SCARBOROUGH — A new court ruling could cost the town an additional $1.2 million to settle a 4-year-old property tax dispute in favor of 52 waterfront residents.

So says a lawyer for the residents, who challenged the fairness of a little-known but widespread practice among Maine’s municipal assessors of giving tax breaks to homeowners for adjacent vacant lots that they also own.

The so-called abutting property program, which has been permitted by state revenue officials, resulted in assessment reductions on about 110 properties in town, ranging from a few thousand dollars for inland parcels to a few million for waterfront properties. Some homeowners saved as much as $60,000 in yearly taxes.

The 52 residents of Prouts Neck and Higgins Beach went to court in 2014 after the town’s Board of Assessment Review rejected their requests for abatements on their rising tax bills.

In August 2016, the Maine Supreme Judicial Court found that the town’s practice of randomly undervaluing separate adjacent lots at the request of individual landowners violated the constitutional requirement for equal taxation.

The court also found that the practice violated state laws that call for each lot to be assessed separately and at just market value, and it directed the assessment review board to make “appropriate abatements.”

This month, a Superior Court judge ruled on appeal that the $463,477 in abatements that the town divided among the 52 residents in September didn’t square with the tax breaks granted to homeowners in the abutting property program in fiscal 2013 through 2016.

‘INDEFENSIBLE’ ABATEMENTS

The $463,477 reflected $395,398 in tax breaks that the town gave to 19 homeowners who were still benefiting from the program in fiscal 2016, plus 7 percent annual interest.

The town divided the money among the 52 residents who brought the lawsuit, effectively giving each homeowner an 8 percent reduction in their land assessments over the four years. The average overall abatement was $8,913 per taxpayer.

In his order this month, Justice A.M. Horton found that the town’s formula to reach the abatement amount was “indefensible” because it was tied to the number of plaintiffs in the group.

“As the taxpayers point out, the way the board has structured the abatement means that, had there been five in their group instead of more than 50, the abatement for each would be 10 times greater,” Horton wrote. “Had there been 500 in the taxpayer group, the abatement for each would be one-tenth of what it is.”

Horton directed the town’s Board of Assessment Review to recalculate and issue new abatements that will put the 52 residents “in a position roughly equal” to the 19 homeowners who were “favored” by the abutting property program.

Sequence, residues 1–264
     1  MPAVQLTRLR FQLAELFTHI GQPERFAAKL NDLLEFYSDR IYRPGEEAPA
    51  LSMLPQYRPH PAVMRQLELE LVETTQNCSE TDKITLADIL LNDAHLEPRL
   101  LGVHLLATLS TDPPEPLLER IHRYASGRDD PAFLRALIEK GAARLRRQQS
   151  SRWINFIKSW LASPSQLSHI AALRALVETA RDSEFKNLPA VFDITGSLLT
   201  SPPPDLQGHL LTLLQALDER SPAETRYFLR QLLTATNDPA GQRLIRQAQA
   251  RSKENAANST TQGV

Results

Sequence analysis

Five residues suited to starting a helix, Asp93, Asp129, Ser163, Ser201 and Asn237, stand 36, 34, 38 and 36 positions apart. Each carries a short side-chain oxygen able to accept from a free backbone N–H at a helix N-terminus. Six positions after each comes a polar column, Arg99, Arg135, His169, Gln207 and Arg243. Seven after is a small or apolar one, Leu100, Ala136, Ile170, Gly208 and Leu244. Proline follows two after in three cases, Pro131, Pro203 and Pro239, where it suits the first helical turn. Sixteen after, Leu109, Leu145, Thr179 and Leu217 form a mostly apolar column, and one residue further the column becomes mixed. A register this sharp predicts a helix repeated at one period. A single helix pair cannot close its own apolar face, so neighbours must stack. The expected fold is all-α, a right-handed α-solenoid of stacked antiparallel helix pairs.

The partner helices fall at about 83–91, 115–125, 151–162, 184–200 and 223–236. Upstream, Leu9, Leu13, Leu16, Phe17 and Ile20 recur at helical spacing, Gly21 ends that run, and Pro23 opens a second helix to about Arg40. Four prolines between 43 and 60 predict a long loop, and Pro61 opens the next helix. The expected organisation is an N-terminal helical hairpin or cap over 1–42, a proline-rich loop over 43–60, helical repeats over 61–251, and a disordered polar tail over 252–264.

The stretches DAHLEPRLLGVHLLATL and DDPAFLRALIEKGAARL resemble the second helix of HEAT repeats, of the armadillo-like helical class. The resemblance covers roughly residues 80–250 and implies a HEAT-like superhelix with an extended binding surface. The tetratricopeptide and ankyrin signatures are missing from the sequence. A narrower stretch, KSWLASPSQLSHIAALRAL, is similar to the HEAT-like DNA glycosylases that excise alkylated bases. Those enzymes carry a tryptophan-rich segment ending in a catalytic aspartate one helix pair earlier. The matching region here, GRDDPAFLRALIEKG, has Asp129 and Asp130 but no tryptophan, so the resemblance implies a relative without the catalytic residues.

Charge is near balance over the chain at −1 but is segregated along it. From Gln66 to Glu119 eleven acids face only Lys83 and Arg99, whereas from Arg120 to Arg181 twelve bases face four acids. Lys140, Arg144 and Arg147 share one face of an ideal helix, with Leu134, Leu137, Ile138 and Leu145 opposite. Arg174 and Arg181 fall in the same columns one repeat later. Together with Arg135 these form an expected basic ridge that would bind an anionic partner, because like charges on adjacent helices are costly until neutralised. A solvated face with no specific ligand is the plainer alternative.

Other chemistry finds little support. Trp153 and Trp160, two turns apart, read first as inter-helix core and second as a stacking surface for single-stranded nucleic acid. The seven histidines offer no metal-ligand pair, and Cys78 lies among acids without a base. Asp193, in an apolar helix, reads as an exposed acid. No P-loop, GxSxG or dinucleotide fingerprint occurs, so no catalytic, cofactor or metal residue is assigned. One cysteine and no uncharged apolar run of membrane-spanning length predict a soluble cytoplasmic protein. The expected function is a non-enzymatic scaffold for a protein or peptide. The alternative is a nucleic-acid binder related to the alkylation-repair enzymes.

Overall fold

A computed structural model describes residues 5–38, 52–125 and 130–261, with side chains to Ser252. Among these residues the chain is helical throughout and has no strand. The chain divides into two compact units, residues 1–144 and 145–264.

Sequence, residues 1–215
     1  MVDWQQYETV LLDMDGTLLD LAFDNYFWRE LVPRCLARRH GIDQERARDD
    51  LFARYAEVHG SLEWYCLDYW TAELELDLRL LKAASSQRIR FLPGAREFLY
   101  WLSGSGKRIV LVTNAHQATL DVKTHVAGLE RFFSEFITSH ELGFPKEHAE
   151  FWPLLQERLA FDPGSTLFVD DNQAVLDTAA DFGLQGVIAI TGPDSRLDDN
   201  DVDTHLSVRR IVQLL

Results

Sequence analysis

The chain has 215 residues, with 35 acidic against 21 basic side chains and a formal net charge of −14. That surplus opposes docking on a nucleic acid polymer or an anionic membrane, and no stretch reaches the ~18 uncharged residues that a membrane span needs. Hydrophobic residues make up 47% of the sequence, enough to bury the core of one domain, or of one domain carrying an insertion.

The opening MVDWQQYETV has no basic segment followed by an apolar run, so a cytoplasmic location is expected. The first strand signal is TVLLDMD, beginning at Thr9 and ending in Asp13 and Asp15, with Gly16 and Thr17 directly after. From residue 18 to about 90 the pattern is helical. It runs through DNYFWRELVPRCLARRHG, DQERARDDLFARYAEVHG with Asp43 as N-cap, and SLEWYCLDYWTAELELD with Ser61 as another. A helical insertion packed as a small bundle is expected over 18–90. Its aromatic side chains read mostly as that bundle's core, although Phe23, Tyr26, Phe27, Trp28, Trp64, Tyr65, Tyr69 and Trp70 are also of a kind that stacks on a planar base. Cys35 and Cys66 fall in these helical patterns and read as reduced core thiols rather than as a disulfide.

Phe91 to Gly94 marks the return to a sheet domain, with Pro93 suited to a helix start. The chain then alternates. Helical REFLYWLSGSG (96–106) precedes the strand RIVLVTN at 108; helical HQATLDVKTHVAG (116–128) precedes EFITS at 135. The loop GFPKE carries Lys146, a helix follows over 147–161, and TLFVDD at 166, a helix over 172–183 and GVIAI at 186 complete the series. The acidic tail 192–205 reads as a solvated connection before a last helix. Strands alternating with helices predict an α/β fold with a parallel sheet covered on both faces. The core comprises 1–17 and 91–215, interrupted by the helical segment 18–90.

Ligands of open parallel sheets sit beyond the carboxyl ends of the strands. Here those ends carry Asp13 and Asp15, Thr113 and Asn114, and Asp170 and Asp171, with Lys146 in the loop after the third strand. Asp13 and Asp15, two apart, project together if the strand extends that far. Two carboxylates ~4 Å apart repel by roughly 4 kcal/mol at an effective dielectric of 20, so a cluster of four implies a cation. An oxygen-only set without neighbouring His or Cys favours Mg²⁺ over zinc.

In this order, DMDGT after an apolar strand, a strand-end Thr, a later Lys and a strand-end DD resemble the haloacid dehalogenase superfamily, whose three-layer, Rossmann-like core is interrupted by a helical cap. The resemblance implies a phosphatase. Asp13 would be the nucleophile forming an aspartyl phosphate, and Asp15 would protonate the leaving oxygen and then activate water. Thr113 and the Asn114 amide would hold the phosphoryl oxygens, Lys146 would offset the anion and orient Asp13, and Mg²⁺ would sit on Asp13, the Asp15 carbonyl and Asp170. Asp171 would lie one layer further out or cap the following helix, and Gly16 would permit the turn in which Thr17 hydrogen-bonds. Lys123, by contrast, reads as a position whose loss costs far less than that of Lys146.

The 52 residents had asked the board to grant them abatements that reflected the percentage discount off market value that the 19 homeowners received through the abutting property program, which the plaintiffs figured to be 31.48 percent.

At that rate, the total abatement to be divided among the 52 residents would be about $1.6 million, plus 7 percent annual interest, said William Dale, a lawyer with Jensen Baird who represented some of the plaintiffs.

STATEWIDE PRACTICE

Town Manager Tom Hall declined to comment on Dale’s assessment that the town owes the plaintiffs a total of $1.2 million.

The Board of Assessment Review has yet to schedule a meeting to act on the ruling. The Town Council is set to discuss the ruling with the town’s attorney in executive session on Wednesday.

What impact this case might have on municipal assessing practices statewide remains to be seen. A call to Justin Poirier, acting director of the Property Tax Division at Maine Revenue Services, went unanswered Wednesday.

While Maine’s high court blasted Scarborough’s practice of randomly undervaluing separate adjacent lots, it upheld the practice of assessing lesser used or unused portions of larger single lots at a lower rate – as long as it reflects fair market value.

Municipal and state assessing officials testified during Scarborough’s abatement hearings in 2013 and 2014 that the practice of combining separate lots with shared ownership for assessment purposes was common across the state.

They pointed to a state law, Title 36, Section 701-A, that allows contiguously owned parcels to be combined for assessment purposes.

The law stipulates that it applies to “unimproved acreage in excess of an improved house lot … when each parcel is 5 or more acres (and) the owner gives written consent to the assessor.”

However, the law doesn’t say that parcels may be combined this way to reduce property assessments.

Ruth Birtz, assessor for the town of Lincoln and president of the Maine Association of Assessing Officers, said the practice is still used across the state to ensure fair and equitable assessments.

Birtz noted that on the outskirts of Lincoln – about an hour north of Bangor, in Penobscot County – house lots must be at least 2 acres, but some people buy more land for greater privacy and other reasons. Under those circumstances, it would be unfair to assess a homeowner with 12 wooded acres of land the same as a subdivision with six house lots up for sale.

But undervaluing excess land gets risky where property values are impacted by proximity to waterfront and other features that influence market demand, Birtz said.

“It depends on location,” Birtz said. “You’re not going to get a standard application across the state. There are a lot of variables in property assessment. At assessing functions, we’ve debated this at length. The highest and best use changes, depending on the area. Lincoln is different than York.”

Kelley Bouchard can be contacted at 791-6328 or at:

[email protected]

Twitter: KelleyBouchard

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